The U.S. Attorney’s Office in Manhattan is perhaps the most famous federal prosecutor’s post in the country. The office, through Democratic and Republican administrations, has long prized a tradition of independence from the Justice Department and Washington. It has even been nicknamed the “Sovereign District of New York.”
Berman worked there in the 1990s as a prosecutor, but he took over the office under unusual circumstances.
A Republican who contributed to the president’s campaign and worked at the same law firm as Giuliani, Berman was never formally nominated for the position by Trump or confirmed by the Senate, as is normal protocol for U.S. attorneys.
In 2018, the U.S. attorney general at the time, Jeff Sessions, appointed Berman as interim U.S. attorney in Manhattan.
But Trump never formally sent Berman’s nomination to the Senate. After 120 days, his formal appointment to the post was made by the judges of the U.S. District Court.
Berman took note of the nature of his appointment to the position in explaining why he was refusing to step down.
“I was appointed by the judges of the United States District Court for the Southern District of New York,” Berman said in his statement. “I will step down when a presidentially appointed nominee is confirmed by the Senate. Until then, our investigations will move forward without delay or interruption.”
U.S. attorneys are typically replaced by their first assistants, but Trump’s choice to replace Berman is an outsider who has never worked in that office.
Clayton is not a litigator or a former prosecutor, which often are prerequisites to being named a U.S. attorney, especially in a jurisdiction as prominent as the Southern District.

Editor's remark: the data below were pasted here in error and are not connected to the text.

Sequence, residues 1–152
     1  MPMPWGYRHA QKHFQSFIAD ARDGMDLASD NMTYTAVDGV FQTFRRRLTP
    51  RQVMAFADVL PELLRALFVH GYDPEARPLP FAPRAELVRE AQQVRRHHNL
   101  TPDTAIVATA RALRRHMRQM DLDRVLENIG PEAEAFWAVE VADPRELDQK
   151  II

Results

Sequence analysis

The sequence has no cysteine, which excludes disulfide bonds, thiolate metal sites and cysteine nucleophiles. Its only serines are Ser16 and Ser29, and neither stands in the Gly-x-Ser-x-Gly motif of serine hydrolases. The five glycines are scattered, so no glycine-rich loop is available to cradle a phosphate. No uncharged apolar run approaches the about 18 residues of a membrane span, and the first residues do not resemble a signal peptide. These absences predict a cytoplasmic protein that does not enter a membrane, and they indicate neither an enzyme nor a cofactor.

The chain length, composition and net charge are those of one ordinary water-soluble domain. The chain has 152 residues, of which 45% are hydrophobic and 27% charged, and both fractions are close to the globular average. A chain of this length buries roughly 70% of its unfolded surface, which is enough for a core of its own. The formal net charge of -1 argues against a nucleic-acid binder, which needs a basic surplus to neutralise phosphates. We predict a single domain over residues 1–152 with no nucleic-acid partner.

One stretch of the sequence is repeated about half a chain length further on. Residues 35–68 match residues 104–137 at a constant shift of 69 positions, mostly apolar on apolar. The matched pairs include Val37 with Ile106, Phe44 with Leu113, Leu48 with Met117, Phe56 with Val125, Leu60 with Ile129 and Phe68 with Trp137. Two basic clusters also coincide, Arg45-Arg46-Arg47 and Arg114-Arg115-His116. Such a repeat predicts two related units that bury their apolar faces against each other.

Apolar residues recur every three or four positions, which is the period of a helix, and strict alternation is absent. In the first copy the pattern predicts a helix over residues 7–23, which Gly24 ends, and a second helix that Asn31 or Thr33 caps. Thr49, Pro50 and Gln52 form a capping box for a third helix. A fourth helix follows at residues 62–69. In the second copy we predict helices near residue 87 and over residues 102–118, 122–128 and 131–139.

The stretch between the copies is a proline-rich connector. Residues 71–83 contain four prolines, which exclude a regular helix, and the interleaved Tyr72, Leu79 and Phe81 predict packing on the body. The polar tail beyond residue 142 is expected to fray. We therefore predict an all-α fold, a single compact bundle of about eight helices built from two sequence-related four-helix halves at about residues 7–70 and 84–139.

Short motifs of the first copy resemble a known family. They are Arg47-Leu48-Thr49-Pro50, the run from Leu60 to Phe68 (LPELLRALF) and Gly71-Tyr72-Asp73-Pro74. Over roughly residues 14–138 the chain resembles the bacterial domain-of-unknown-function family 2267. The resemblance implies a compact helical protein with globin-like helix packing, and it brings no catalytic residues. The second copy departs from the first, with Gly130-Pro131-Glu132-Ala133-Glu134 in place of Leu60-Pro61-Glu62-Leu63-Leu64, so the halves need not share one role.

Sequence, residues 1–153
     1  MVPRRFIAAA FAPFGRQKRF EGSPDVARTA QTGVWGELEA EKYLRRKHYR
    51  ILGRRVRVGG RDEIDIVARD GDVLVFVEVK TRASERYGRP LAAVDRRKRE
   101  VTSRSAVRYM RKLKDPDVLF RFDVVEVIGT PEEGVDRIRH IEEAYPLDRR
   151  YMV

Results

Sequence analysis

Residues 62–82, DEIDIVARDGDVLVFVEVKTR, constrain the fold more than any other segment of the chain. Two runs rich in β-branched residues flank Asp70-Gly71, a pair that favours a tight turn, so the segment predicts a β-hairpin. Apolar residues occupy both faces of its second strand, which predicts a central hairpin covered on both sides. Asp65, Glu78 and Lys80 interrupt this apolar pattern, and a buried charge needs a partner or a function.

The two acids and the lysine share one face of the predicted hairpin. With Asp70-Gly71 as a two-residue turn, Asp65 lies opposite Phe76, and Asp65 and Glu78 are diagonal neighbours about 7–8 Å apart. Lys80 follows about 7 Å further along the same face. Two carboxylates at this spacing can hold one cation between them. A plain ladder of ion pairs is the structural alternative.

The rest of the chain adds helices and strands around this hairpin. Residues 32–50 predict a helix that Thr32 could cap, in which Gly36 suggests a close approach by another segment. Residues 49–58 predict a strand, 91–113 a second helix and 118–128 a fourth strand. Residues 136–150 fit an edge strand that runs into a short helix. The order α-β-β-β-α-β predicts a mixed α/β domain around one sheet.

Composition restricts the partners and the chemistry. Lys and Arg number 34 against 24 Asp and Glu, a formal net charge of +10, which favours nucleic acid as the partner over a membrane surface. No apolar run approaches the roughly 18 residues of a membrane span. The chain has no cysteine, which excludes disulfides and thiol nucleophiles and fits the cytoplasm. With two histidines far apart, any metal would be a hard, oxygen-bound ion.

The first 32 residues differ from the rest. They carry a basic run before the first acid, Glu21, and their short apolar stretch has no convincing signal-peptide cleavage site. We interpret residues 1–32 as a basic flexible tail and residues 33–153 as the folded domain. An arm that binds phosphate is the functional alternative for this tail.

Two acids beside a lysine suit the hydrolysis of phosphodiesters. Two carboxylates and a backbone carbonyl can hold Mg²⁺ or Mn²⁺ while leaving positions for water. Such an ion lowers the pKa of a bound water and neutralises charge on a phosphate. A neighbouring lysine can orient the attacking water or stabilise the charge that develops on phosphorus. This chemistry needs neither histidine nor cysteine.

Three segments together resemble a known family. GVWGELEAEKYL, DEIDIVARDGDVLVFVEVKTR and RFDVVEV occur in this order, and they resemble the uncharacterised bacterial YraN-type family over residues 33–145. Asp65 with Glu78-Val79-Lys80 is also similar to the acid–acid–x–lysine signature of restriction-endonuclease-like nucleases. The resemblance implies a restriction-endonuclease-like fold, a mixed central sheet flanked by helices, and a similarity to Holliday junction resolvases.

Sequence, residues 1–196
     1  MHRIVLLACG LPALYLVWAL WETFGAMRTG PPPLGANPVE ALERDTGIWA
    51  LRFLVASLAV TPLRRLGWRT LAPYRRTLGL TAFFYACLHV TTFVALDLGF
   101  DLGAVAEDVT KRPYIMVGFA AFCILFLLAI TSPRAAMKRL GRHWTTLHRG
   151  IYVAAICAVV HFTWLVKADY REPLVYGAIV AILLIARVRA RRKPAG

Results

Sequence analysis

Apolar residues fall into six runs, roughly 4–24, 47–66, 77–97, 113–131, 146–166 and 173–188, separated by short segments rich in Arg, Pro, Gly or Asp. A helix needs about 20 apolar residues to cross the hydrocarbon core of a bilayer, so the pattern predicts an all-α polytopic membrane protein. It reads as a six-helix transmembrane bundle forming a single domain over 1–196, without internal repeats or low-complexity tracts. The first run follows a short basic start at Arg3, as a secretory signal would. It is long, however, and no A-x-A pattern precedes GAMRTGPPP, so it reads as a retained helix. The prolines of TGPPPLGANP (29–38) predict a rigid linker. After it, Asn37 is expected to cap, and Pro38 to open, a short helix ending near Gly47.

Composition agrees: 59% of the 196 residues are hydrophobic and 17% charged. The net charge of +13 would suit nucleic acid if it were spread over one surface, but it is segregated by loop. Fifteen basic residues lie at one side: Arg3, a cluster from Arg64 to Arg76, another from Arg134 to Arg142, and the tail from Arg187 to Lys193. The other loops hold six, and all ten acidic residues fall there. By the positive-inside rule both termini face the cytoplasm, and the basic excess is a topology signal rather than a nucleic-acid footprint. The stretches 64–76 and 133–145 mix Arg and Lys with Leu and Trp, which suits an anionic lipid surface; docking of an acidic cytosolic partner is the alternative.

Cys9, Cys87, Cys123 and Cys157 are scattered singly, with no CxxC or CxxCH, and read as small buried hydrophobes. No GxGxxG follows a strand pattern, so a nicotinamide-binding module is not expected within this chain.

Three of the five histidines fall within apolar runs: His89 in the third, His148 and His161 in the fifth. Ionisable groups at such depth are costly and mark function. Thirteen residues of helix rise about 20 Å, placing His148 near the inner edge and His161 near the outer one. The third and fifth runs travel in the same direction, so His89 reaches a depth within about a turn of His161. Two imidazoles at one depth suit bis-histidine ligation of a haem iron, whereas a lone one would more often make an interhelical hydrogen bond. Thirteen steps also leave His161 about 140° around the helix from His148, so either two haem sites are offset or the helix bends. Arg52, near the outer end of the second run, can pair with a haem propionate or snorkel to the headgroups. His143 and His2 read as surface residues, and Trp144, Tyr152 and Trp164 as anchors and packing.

Before being named chairman of the Securities and Exchange Commission by Trump, Clayton was a longtime corporate lawyer at the firm Sullivan & Cromwell, where he did work for banks, hedge funds and big corporations such as Goldman Sachs, Barclays and Alibaba.
It is a highly unusual to name an outsider to a prosecutor’s post like the one in Manhattan, but it is not the first time this has happened under Trump. When Jessie Liu left the U.S. Attorney’s office in Washington, she was replaced by an ally of Barr, Timothy Shea, rather than her first assistant.
Barr met with Berman on Friday in New York, according to a person familiar with the matter. It was not clear what they had discussed.
Barr was visiting New York to meet with senior New York Police Department officials and to talk about “policing issues that have been at the forefront of national conversation and debate,” according to a Justice Department news release.
On Thursday, Berman sent a message to the office about safety protocols for returning to work, sounding upbeat and giving no indication he was about to leave, according to a person familiar with the message.
Barr’s attempt to remove Berman came two days after excerpts released from Bolton’s upcoming book described what Bolton said was Trump’s willingness to intervene in criminal investigations, including one in Berman’s office.
Bolton wrote in the book that Trump in 2018 had promised the Turkish president, Erdogan, that he would interfere in an ongoing investigation against a Turkish company accused of violating Iranian sanctions.
“Trump then told Erdogan he would take care of things, explaining that the Southern District prosecutors were not his people, but were Obama people, a problem that would be fixed when they were replaced by his people,” Bolton wrote, according to an excerpt published this week in The Washington Post.
At the time, Berman was the U.S. attorney overseeing the case. The company, Halkbank, a state-owned bank in Turkey, was indicted in the Southern District last year.
Berman was also known for his office’s decision last year to bring sex-trafficking charges against Jeffrey Epstein, who had avoided a similar prosecution in Florida in 2008.
After Epstein committed suicide last August, Berman announced that the inquiry into Epstein’s sex trafficking conspiracy would continue and that his office was committed to standing up for the “brave young women” whom Epstein had abused.
The office has been investigating several of Epstein’s alleged co-conspirators, and it has been locked in a public dispute with Prince Andrew of Britain about what Berman has depicted as the prince’s refusal to assist the investigation.